Although different in style and subject, these two books reach a similar conclusion: only a two-state solution can secure an Israel that is both Jewish and democratic. Ben-Ami begins with the story of his family’s roots in militant, expansionist Zionism. But as a young man, his own concern for Israel was overshadowed by his active involvement in U.S. domestic politics. Only later, while living in Israel and coming into contact with Palestinians, did he have an epiphany: Israel needed a policy of actively seeking peace with the Palestinians, and Americans needed to be not just reflexively pro-Israel but pro-peace as well. To achieve this goal, Ben-Ami founded the lobbying organization J Street in 2008. His account of the group’s efforts to date is enriched by his knowledge of how lobbies fit into the U.S. political system.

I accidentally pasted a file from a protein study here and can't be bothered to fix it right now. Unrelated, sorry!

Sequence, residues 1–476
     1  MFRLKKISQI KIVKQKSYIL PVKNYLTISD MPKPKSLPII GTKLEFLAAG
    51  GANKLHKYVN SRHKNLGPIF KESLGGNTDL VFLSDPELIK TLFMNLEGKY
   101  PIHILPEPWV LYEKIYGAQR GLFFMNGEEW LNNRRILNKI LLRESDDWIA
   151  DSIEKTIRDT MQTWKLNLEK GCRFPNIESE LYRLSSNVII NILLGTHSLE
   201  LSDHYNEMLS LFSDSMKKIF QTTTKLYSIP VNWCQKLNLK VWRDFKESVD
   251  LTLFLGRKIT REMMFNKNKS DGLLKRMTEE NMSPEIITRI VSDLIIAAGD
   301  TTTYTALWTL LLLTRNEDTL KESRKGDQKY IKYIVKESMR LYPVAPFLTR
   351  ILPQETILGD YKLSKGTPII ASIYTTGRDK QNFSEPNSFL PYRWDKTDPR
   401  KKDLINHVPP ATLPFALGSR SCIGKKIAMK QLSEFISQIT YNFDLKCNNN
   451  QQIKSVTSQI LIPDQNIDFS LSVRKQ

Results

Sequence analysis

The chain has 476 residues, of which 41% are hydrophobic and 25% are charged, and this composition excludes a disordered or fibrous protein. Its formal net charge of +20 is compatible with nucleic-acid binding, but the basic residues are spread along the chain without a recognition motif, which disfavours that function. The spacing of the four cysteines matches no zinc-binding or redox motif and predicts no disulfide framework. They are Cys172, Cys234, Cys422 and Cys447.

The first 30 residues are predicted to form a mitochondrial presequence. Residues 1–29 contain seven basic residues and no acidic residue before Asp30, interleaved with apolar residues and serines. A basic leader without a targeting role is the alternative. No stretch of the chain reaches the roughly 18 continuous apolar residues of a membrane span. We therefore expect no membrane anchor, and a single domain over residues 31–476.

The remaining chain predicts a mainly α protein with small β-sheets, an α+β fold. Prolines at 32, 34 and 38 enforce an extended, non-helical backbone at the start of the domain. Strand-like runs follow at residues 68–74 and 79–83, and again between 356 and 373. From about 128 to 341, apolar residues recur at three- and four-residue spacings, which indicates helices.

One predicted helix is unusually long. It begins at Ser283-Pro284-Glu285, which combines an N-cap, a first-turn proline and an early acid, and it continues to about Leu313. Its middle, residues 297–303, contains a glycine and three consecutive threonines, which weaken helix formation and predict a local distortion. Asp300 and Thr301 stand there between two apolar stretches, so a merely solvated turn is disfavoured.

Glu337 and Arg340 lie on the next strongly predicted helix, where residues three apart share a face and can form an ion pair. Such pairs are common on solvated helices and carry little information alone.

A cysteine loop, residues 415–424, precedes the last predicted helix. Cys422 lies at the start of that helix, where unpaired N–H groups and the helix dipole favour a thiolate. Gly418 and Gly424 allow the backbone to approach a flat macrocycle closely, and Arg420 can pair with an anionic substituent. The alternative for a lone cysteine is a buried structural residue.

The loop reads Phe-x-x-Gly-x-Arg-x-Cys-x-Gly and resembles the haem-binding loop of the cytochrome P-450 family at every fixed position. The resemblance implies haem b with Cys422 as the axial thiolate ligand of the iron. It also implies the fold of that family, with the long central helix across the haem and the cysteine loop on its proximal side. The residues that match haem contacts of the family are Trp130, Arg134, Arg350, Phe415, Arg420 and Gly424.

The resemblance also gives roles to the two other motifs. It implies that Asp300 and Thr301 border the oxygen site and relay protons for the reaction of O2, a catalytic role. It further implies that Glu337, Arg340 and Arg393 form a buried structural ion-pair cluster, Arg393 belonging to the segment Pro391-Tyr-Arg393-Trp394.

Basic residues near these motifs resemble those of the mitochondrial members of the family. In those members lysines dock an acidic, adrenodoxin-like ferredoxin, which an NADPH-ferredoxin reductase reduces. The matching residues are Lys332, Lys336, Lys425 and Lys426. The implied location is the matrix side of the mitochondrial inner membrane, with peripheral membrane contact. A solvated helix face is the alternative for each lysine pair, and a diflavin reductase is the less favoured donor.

Gorenberg focuses more squarely on Israel itself, weighing the different ways the Israeli state and Israeli society deal with Palestinians, those who are citizens of Israel as well as those who live under Israeli occupation. In both cases, Gorenberg finds that Israel fails to live up to liberal democratic principles. Although criticizing Israel can be politically risky -- more so in the United States than in Israel, ironically -- these two books propose a “tough love” U.S. approach to helping Israel fulfill the Zionist dream of a democratic and liberal Jewish state living in peace with its neighbors. If not now, when?